Using the power of Microsoft’s data and technology, our new Digital Equity Data Dashboard enables policymakers to identify broadband gaps and target public investments for communities most in need, including state broadband offices such as Louisiana (“Connect Louisiana”) and Michigan (Michigan High-Speed Internet Office).

Some of the largest broadband gaps are fueled by lack of affordable service options. The FCC’s Affordable Connectivity Program (ACP) is a powerful tool to help address the affordability challenge. To increase awareness and enrollment in the ACP, we collaborated with Communications Workers of America marshaling Microsoft employees and partners to implement a five-city event series entitled, “Get Connected,” leaning into new funding to address affordability. Local and national nonprofit partners, such as EveryoneOn, United Way of Greater Milwaukee, and Black Churches 4 Digital Equity, a Multicultural Media, Telecom, and Internet Council (MMTC) coalition, also convened affordable broadband enrollment events and digital skills for adoption programs.

Driving connectivity efforts further—Airband partners are using the power of connectivity to deliver digital solutions for community-specific challenges. In Charlotte, Airband partner Open Broadband provides connectivity for Black-owned firm Druid to use the power of Azure to address food insecurity. We are also working with Historically Black Colleges and Universities (HBCUs), which are important anchor institutions, to use connectivity to digitally transform surrounding neighborhoods that are often broadband deserts. As part of this work, in the Black Rural South, our HBCU project with Tuskegee University (AL) offers no-cost, virtual telemedicine access on-campus for students, faculty, and residents, while Prairie View A&M University (TX) leverages their precision agriculture research capabilities using Azure-based platforms.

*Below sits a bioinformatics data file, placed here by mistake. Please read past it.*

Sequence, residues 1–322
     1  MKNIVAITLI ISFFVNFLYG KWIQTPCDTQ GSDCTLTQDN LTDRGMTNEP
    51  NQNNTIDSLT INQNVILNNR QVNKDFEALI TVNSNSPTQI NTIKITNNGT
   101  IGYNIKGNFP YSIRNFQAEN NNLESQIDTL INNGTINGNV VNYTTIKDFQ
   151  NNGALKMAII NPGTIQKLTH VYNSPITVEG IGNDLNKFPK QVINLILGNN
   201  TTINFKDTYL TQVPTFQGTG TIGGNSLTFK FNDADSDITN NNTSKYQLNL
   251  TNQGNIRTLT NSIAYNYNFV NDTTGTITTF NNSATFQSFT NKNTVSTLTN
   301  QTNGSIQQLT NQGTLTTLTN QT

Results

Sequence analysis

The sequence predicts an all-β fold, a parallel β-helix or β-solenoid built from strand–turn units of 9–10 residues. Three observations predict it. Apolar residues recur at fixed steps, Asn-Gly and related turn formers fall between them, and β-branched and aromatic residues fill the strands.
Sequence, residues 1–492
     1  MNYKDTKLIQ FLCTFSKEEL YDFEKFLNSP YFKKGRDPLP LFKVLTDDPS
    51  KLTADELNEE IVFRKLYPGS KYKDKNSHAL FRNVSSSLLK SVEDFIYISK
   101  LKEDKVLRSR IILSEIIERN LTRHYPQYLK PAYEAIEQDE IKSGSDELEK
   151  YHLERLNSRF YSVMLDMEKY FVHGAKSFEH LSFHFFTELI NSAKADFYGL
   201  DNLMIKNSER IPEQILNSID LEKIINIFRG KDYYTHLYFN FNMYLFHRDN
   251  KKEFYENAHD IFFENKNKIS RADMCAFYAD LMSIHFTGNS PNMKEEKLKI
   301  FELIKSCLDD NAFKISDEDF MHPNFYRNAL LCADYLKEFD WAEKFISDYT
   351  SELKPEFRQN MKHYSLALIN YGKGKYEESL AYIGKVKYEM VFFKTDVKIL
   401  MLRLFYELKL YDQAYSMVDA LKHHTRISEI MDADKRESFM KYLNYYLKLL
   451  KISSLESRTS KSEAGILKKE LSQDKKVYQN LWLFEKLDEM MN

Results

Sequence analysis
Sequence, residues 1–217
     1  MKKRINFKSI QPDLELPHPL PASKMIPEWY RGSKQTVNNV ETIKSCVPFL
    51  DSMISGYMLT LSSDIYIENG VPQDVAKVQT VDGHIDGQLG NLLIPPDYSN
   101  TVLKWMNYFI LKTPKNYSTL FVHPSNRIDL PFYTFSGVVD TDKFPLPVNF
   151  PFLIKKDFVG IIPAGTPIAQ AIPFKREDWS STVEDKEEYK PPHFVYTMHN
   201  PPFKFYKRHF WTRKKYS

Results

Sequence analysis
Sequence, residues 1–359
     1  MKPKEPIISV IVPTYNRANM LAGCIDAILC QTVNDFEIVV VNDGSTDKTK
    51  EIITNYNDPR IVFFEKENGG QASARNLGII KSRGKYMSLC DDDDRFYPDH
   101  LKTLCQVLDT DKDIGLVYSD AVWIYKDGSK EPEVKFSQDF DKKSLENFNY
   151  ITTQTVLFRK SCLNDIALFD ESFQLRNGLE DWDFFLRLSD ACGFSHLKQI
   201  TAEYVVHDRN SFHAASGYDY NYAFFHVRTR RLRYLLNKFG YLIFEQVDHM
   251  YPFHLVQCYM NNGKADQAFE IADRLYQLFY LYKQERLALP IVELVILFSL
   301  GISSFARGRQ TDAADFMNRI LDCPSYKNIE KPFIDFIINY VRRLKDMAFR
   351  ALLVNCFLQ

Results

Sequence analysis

Skills and education

Through our Technology Education and Learning Support (TEALS) program, we have expanded access to computer science education in more than 500 schools across 21 racial equity expansion regions providing computer science education to high school students with the support of more than 10 percent of the 1,500+ volunteers identifying as Black and African American for the 2022-2023 school year.

We completed the third year of programming for 50 nonprofit workforce development and digital skilling groups led by and serving Black and African American communities accounting for $15 million in grants, capacity-building support, and tech enablement services that have reached nearly 40,000 people.

Of the 50 organizations, 49 were new grantees to Microsoft, including the Hidden Genius Project in Oakland, which trains and mentors young Black men in technology creation and entrepreneurship; and TechBridge in Atlanta, which aims to break the cycle of poverty through the innovative use of technology.

We have also given $10 million in grants to 18 HBCUs and associations to support curriculum development, student scholarships and mentoring, faculty training, and virtual learning.

It takes all of us

Meet some of the employees who are working on our Racial Equity Initiative.

News and stories

See the latest news, announcements, and stories about our progress.

Additional resources

For press information:

Microsoft Media Relations, WE Communications, (425) 638-7777, rrt@we-worldwide.com